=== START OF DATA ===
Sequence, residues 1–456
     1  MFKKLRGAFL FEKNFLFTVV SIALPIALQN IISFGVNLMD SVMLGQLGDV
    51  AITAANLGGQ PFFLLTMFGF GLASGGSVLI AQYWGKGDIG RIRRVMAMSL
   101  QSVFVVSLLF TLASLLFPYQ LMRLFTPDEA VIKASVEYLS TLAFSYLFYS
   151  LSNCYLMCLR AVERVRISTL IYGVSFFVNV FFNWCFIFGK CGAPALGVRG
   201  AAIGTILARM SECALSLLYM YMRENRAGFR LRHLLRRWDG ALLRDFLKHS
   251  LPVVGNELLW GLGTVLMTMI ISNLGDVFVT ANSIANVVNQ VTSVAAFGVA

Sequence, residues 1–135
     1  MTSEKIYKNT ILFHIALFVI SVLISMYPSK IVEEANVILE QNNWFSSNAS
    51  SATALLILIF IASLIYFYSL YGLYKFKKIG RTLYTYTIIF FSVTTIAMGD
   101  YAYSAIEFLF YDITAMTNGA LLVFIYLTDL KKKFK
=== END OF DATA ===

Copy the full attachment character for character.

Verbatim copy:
Sequence, residues 1–456
     1  MFKKLRGAFL FEKNFLFTVV SIALPIALQN IISFGVNLMD SVMLGQLGDV
    51  AITAANLGGQ PFFLLTMFGF GLASGGSVLI AQYWGKGDIG RIRRVMAMSL
   101  QSVFVVSLLF TLASLLFPYQ LMRLFTPDEA VIKASVEYLS TLAFSYLFYS
   151  LSNCYLMCLR AVERVRISTL IYGVSFFVNV FFNWCFIFGK CGAPALGVRG
   201  AAIGTILARM SECALSLLYM YMRENRAGFR LRHLLRRWDG ALLRDFLKHS
   251  LPVVGNELLW GLGTVLMTMI ISNLGDVFVT ANSIANVVNQ VTSVAAFGVA

Sequence, residues 1–135
     1  MTSEKIYKNT ILFHIALFVI SVLISMYPSK IVEEANVILE QNNWFSSNAS
    51  SATALLILIF IASLIYFYSL YGLYKFKKIG RTLYTYTIIF FSVTTIAMGD
   101  YAYSAIEFLF YDITAMTNGA LLVFIYLTDL KKKFK